Family of Regina man in coma due to COVID-19 worry his son will be born fatherless

·3 min read
Hien Thach is in the ICU at the Regina General Hospital. His wife Tina often sits by his side. (Han Le - image credit)
Hien Thach is in the ICU at the Regina General Hospital. His wife Tina often sits by his side. (Han Le - image credit)

The family of a Regina man who is in a coma due to COVID-19 is holding out hope he will remain alive long enough for his unborn son to meet him.

Hien Thach is in the ICU at Regina General Hospital after seizures brought on by the virus.

His wife Tina, who is about seven months pregnant with their first child together, often sits at his bedside.

"She is really sad. She cries all the time. She can not work full time anymore because her emotions can't hold," said Han Le, Tina's boss and a close friend of the family.

"The doctors say the picture is not a good one."

The family has been told it is unlikely Hien will awaken from the coma, and if he does he will likely experience paralysis.

"That's why me and his wife, we still hope for the one per cent, he can get through this. They want to bring the baby to see him," Le said.

Le is helping Tina, who immigrated to Saskatchewan from Vietnam in 2019, process everything. English is Tina's second language, she does not have a driver's license and her family remains in Vietnam.

Le often drives Tina to the hospital so she can visit her husband, and so Le can see her friend.

"I look at him for two seconds, and I have to walk away. It hurts me a lot," Le said. "I can't recognize him. He doesn't look like my friend anymore."

COVID-19 spread among frontline workers

Hien tested positive for COVID-19 on March 25.

"When he got COVID everyone thought he would be fine because he was healthy," Le said.

"He doesn't smoke, he eats healthy, exercises, and plays sports. But when COVID hit, it was really bad on him."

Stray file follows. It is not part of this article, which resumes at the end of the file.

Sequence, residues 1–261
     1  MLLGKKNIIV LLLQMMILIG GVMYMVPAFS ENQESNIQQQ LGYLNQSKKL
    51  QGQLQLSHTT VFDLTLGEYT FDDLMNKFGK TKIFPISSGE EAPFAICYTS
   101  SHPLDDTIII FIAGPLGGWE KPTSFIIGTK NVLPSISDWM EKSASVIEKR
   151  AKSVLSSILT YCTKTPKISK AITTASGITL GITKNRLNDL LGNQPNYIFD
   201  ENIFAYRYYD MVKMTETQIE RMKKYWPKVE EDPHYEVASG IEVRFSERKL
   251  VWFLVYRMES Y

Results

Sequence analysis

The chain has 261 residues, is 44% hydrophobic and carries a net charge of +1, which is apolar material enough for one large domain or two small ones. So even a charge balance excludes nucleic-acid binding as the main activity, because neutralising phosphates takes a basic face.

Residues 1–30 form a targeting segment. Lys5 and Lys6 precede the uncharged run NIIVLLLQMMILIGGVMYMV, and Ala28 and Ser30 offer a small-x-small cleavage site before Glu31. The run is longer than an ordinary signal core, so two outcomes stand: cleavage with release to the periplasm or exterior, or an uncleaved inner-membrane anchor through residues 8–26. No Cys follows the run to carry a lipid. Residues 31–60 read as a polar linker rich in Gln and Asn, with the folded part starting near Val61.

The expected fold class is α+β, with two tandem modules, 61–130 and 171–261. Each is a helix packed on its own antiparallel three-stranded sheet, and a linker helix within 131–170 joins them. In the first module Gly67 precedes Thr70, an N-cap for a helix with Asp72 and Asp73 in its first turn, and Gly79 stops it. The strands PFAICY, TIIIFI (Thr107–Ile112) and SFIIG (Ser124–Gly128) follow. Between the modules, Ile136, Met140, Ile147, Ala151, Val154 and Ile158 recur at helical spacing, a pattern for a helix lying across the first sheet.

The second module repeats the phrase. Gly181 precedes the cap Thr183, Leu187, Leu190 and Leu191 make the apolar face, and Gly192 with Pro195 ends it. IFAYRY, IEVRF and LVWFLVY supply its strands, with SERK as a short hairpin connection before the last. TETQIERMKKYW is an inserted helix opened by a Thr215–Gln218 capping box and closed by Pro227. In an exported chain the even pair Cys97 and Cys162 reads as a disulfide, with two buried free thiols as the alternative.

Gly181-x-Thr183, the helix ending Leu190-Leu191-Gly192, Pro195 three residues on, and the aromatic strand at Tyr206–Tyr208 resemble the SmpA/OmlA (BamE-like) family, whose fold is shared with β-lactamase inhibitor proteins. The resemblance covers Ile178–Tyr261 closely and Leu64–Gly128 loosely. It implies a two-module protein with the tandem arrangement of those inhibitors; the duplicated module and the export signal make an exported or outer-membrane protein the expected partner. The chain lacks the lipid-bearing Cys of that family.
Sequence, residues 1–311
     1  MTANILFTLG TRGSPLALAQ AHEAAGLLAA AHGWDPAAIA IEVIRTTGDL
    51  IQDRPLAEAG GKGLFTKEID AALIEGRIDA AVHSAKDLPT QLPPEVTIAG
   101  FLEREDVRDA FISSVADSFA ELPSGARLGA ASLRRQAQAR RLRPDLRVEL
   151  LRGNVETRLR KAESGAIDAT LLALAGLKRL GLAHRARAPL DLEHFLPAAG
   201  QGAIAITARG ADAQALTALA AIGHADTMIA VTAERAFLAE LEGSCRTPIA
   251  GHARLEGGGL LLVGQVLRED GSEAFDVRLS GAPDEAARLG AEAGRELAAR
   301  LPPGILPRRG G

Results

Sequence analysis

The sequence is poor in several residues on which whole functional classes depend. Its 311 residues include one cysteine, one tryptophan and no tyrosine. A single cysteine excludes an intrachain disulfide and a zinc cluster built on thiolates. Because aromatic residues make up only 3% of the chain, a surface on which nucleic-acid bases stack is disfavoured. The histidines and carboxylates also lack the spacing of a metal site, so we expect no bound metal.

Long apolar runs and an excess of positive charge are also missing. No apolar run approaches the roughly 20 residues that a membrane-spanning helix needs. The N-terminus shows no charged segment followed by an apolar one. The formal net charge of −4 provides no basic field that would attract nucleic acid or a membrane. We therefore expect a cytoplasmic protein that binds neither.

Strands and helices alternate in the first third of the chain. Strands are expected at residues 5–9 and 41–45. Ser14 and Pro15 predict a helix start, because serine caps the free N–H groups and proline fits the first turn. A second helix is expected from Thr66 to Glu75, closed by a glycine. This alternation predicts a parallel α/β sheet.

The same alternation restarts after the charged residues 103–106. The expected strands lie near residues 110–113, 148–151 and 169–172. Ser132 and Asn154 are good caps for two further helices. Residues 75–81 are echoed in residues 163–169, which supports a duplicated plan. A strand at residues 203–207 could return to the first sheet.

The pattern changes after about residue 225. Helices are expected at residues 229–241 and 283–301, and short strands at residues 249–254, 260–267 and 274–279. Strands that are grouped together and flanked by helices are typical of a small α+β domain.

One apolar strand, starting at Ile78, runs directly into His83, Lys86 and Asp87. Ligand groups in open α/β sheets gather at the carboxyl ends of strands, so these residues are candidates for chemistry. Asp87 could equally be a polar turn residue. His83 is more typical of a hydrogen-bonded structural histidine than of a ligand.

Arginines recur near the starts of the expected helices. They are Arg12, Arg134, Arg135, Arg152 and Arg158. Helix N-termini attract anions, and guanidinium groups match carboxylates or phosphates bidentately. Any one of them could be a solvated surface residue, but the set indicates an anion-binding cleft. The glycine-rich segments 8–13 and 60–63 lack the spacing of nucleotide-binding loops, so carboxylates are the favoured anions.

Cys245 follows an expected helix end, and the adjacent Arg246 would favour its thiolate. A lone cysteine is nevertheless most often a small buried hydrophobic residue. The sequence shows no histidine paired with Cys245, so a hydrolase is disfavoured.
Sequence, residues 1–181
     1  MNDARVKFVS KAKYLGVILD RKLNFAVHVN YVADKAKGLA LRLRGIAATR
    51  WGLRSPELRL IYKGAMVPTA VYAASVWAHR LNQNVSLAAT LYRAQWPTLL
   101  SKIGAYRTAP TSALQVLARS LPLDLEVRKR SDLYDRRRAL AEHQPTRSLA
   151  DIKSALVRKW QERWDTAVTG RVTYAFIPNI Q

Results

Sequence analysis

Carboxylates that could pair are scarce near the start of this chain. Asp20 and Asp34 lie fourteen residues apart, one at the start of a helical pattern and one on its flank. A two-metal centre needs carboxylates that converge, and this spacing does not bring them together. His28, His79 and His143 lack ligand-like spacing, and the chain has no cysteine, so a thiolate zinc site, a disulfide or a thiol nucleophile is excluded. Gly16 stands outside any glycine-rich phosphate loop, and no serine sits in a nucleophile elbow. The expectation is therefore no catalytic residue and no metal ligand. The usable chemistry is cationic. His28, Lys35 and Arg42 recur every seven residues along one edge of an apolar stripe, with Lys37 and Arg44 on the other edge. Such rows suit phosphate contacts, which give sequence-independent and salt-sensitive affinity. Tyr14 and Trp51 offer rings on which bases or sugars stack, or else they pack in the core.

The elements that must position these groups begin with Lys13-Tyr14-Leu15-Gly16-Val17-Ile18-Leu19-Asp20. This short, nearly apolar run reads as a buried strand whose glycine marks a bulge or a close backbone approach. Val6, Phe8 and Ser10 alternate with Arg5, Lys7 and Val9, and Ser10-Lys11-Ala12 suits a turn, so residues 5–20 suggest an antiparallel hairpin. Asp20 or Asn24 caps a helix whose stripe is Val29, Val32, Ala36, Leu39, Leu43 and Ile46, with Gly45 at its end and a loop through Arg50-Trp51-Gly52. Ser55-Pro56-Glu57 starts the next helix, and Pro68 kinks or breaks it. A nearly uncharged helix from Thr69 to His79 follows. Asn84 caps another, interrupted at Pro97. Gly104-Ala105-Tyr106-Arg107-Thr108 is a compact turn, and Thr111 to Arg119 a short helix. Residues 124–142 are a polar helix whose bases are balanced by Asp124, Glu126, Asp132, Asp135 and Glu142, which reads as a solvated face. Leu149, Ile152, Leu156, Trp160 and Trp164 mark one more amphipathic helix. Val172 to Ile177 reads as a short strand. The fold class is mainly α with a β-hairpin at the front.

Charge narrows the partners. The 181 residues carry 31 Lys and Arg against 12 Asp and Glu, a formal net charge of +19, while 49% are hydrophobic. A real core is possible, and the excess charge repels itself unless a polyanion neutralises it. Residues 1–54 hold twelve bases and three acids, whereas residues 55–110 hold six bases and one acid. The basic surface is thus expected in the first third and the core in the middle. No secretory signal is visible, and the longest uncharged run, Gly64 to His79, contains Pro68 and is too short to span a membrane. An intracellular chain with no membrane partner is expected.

Health-care workers at Regina General Hospital's intensive care unit.
Health-care workers at Regina General Hospital's intensive care unit.(Han Le)

The family believes he contracted the virus from his wife, who is a nail technician at Cre8tive Design Nails. Le, who owns the business, said Tina was infected by a client.

"The staff gets it and brings it to their families," said Le, who closed her shop for three weeks.

"If you don't feel well, just stay home to protect the people around you. We work with a lot of customers. I see a lot of people. I just want safety for myself and my employees. It's not fair for us, we give the service, but people can give COVID-19 to us, and we spread it around."

She said she wishes the province would shut everything down for a few weeks in order to control the spread of the virus.

Planning for a worst-case scenario

Le has set up a GoFundMe page to help raise money for Tina and her husband. If Hien dies, they plan to use the money for his funeral costs and for the unborn child.

If Hien lives, they will use it for his recovery.

"I feel really bad," Le said. "But I am trying everything, all I can do, to help [Tina] go through this."

Le said Hien is a generous man who is always willing to help others.

"Everyone knows him because he tries to help people a lot. If people need help moving, he's there to help without asking anything from anyone."

All the family and friends can do is remain hopeful he will wake up.

"Tina doesn't have family here," Le said. "If something happens [to Hien], that means she has nothing, no husband. That's her family. He's her life right now."